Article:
For lawyers, the intent of a deposition is to box the witness’s testimony. Expert witnesses, many of whom have been deposed hundreds of times, tend to engage in a cat-and-mouse game whereby they refuse to commit to a response. While it is primarily younger lawyers who allow witnesses to control the course of a deposition, I have reviewed deposition transcripts by highly respected lawyers who have been in the game for over 40 years (i.e., longer than I have been alive!) who have failed to nail down critical testimony. There is nothing worse than preparing for trial and realizing that you have obtained testimony that is ambiguous and that cannot be used to impeach a witness. The deposition transcript is very expensive kindling at that point.
The legal system is very difficult to navigate without a lawyer. There are numerous deadlines and tricks and traps to avoid. If you are representing yourself and trying to minimize costs, at a minimum it is wise to hire a lawyer for the express purposes of defending your deposition. You need to anticipate that a lawyer is going to need time to review the file, to interview you, to prepare you, and to sit in at your deposition. The preparation time could exceed the actual time that you are testifying under oath, but in my opinion you will find that it is money well-spent and will likely end up saving you a lot more than it costs you.
Many people believe that large, international corporations could not possibly structure their businesses with the intent to deprive consumers of benefits to which the consumers are rightfully entitled. To put it another way, on its face it may seem difficult to believe many major insurance companies do their best to ensure that you will never get paid if and when you file a claim.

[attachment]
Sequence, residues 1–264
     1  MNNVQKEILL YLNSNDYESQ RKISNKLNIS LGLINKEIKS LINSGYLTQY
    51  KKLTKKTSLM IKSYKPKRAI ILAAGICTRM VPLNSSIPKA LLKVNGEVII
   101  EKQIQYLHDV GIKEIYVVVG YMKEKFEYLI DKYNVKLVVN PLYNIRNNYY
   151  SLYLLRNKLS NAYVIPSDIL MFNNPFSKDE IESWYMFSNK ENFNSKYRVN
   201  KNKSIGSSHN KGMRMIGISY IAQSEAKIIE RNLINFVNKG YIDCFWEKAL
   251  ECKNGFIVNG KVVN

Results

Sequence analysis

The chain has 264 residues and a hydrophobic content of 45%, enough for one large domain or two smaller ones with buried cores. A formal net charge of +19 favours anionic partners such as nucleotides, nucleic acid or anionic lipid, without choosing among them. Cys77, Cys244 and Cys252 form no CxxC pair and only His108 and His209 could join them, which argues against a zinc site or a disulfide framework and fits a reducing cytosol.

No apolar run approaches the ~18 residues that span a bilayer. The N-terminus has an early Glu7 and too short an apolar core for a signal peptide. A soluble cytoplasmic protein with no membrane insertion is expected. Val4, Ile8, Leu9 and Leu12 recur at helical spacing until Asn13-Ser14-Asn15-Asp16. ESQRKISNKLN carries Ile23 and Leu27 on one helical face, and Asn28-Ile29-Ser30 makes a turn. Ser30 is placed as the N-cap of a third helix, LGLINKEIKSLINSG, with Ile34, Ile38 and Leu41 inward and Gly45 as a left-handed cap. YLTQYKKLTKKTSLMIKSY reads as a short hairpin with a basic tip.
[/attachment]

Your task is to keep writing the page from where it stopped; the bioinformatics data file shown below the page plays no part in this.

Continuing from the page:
In every contract there is an implied covenant of good faith and fair dealing. In the case of first party disputes between and insured and his/her/its insurer, the insurer must not take an unreasonable stance on the validity of a defense nor investigate the claim with a conscious disregard of facts which might support coverage. (Beck v. State Farm Mut. Auto Ins. Co. (1976) 54 Cal.App.3d 347, 354; and Delgado v. Heritage Life Ins. Co. (1984) 157 Cal.App.3d 262, 276-278.) Under California law, the gravamen of the wrong in a first party bad faith action is the unreasonable refusal to pay all benefits due under the terms of the policy. (Paulfrey v. Blue Chip Stamps (1983) 150 Cal.App.3d 187, 192.) An insurer may also be liable for bad faith if it unreasonably delays payment on a claim. The exception to this rule is if the insured fails to cooperate. (Globe Indemnity Co. v. Superior Court (1992) 6 Cal.App.4th 725.)
While insurers (smartly) have proved hesitant to cooperate with the discovery process, my colleagues and I have unearthed some very damning and valuable information over the years. One major insurer incentivized its adjusters to deny claims, and kept statistics on its adjusters’ denial rates. Bonuses were offered for higher rates of denial. Another large insurance company instructed its adjusters to deny mold claims based upon a faulty reading of its own policy, and even after the courts had found that such a reading was improper.